Customising custom corners and borders

The technique for creating a flexible box with Transparent custom corners and borders that I described here in mid May became quite popular. I have updated the technique to fix most of the glitches pointed out in the comments to the original post, and it should be pretty solid now.

One question that I’ve been getting is how to replace the images the demo uses for the borders and corners. It isn’t very complicated, but I realise it can seem that way at first, and since I’ve been getting questions about it I thought I’d explain exactly how to replace my demo images with your own.

Here’s a diagram (at twice the original size) that shows the distances you need to measure in your image:

Diagram showing the measurements that need to be edited in the CSS.

The heights of the top left and top right corners need to be equal. The same goes for the bottom left and bottom right corners. So TL Y = TR Y and BL Y = BR Y.

The complete box image should be as wide as you want the box to stretch to before it starts breaking. In the demo I made it 1600px wide.

The border image is created by combining the shaded areas below “LB” and “RB”. The left part goes to the left and the right part goes to the right. The height doesn’t matter, but make it at least a few pixels tall to reduce the number of times the browser needs to repeat it vertically.

The CSS affected is the following, with the measurements from the diagram used instead of actual values:

  1. /* Top border and right corner */
  2. .bt {
  3. background:url(box.png) no-repeat 100% 0;
  4. margin:0 0 0 TL Xpx;
  5. height:TL Y/TR Ypx;
  6. }
  7. /* Top left corner */
  8. .bt div {
  9. height:TL Y/TR Ypx;
  10. width:TL Xpx;
  11. position:relative;
  12. left:-TL Xpx;
  13. background:url(box.png) no-repeat 0 0;
  14. }
  15. /* Bottom border and right corner */
  16. .bb {
  17. background:url(box.png) no-repeat 100% 100%;
  18. margin:0 0 0 BL Xpx;
  19. height:BL Y/BR Ypx;
  20. }
  21. /* Bottom left corner */
  22. .bb div {
  23. height:BL Y/BR Ypx;
  24. width:BL Xpx;
  25. position:relative;
  26. left:-BL Xpx;
  27. background:url(box.png) no-repeat 0 100%;
  28. }
  29. /* Left border */
  30. .i1 {
  31. padding:0 0 0 LBpx;
  32. background:url(borders.png) repeat-y 0 0;
  33. }
  34. /* Right border */
  35. .i2 {
  36. padding:0 RBpx 0 0;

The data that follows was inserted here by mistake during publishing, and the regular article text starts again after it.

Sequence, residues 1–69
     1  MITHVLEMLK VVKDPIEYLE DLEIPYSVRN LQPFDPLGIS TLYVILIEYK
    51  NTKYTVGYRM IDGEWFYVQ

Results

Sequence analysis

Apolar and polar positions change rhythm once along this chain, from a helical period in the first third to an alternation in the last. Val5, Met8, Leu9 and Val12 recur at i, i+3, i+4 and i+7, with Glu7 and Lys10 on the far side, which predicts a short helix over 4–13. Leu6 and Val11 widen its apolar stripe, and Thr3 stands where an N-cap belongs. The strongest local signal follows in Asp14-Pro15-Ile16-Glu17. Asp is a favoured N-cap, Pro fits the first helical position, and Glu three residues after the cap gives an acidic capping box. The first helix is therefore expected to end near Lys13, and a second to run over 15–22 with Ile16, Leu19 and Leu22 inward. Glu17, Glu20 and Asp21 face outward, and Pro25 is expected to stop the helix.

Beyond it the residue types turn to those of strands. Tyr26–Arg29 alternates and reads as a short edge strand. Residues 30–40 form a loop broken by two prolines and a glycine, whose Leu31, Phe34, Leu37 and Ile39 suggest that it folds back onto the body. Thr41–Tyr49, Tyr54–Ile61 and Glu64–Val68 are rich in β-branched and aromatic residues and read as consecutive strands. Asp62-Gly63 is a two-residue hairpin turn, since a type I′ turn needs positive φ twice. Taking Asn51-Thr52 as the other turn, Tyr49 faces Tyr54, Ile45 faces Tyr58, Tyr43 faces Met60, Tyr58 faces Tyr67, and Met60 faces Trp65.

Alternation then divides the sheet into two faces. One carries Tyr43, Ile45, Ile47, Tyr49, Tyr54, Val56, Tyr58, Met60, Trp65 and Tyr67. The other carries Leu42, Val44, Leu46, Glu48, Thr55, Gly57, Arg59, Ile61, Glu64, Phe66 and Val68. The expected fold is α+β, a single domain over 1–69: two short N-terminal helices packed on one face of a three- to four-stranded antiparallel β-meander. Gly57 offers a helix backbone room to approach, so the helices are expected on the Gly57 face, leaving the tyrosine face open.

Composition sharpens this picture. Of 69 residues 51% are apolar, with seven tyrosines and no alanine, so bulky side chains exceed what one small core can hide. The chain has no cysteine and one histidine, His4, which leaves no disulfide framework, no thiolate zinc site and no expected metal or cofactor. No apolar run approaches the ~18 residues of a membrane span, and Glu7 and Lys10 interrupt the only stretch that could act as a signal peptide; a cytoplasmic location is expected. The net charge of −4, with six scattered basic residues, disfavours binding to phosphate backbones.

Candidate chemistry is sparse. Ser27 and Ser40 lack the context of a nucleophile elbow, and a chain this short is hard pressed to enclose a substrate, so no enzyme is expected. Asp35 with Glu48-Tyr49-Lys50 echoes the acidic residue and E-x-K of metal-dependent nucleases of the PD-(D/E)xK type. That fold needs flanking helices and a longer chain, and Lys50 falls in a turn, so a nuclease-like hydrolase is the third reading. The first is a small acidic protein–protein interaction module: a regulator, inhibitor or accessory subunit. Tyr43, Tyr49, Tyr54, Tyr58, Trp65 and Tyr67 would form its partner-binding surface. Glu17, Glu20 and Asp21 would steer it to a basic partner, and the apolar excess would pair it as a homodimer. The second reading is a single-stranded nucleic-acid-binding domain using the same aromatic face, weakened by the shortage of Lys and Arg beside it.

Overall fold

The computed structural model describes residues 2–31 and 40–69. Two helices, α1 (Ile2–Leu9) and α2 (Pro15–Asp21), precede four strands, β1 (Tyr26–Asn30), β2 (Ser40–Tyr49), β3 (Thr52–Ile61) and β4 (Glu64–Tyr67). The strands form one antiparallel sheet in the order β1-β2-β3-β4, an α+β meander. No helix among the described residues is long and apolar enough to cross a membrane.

37. background:url(borders.png) repeat-y 100% 0;
  38. }

While I was writing these instructions I made a quick customised demo to make sure the instructions actually work. Let me emphasise quick here – I did not make any images for IE I made the box image wider and dropped in GIFs for IE.

To make your own custom corners and borders you need to do the following:

  1. Create your box in Photoshop, Fireworks or whatever your favourite image editing application is
  2. Save one image with a complete box and one with just the borders
  3. Measure the distances shown in the diagram
  4. Enter the values into the CSS

I hope this makes customisation easier.

Posted on June 21, 2005 in CSS


  1. This is great. But how the ** do you create these rounded corner images? I’ve never really been satisfied with my results..

  2. Now wait X days before someone comes up with an online generator..

  3. To create the rounded corners in Photoshop - use the Rounded Corner Box Vecotor Tools in your toolbar. This way it’s scalable and effects can be applied to the layer, without loosing any quality.

  4. I come from an architecture and drafting background. Rounded corners? Bah! Where are all the overshot corners? Lol, ~d

  5. Thanks Roger, I will have to look into this a little more, it seems useful…


    1) Use the Rounded Rectangle tool in Photoshop. (Google it if you need to find where that’s hiding in your tools Pallet)

    2) Set the radius pixel size

    3) Draw your box

    4) Use a Blending Mode to add a drop shadow

    Job done. :-)

  6. Great work again, although the first box breaks on Camino .9a1

  7. Matt Wilcox: Thank you very much - it worked out quite well. ;-) Thanks a lot!

    Chet: which is the vector tool in Photoshop? :-)

  8. June 22, 2005 by Dmitry

    What about IE? Many users still use it.

  9. This is still a great alternative until we get the CSS3 border image capability (can’t wait). Thanks for posting the details. The left side of the first box breaks in Firefox 1.0.4 when the window is wide like 1280px. Also, your quick demo isn’t flying in IE.

  10. Interesting that this doesn’t work in iCab3.0 beta. That browser has very good support for CSS2.1, but its js handling is a bit weak. I took the parsed code of your page with Firefox, and created a new doc with it. iCab could render all corners nicely. But it doesn’t render the corners thru js.

  11. June 22, 2005 by Roger Johansson (Author comment)

    bill: I can’t see any problems in Camino 0.9a1 here. In what way does it break?

    Dmitry, Nicholas: The quick customised demo is just that - quick. I didn’t make any images for IE.

    Nicholas: It breaks in all browsers at that width since I made the image narrower. Quick demo, remember ;-)

    Philippe: Interesting. Well, it’s not fatal since it gets the default styling.

  12. Quick thing for that demo: since you’re not worrying about IE, you might want to go ahead and set some max-widths on those boxes. Once you stretch the browser window past the width of your graphic, the effect is broken.

  13. June 22, 2005 by Roger Johansson (Author comment)

    Ok, I have made the image in the quick demo wider and thrown in GIFs for IE. Better now? ;-)

  14. Thanks for the follow-up and the quick addition to the demo. My apologies for pointing out the obvious. ;)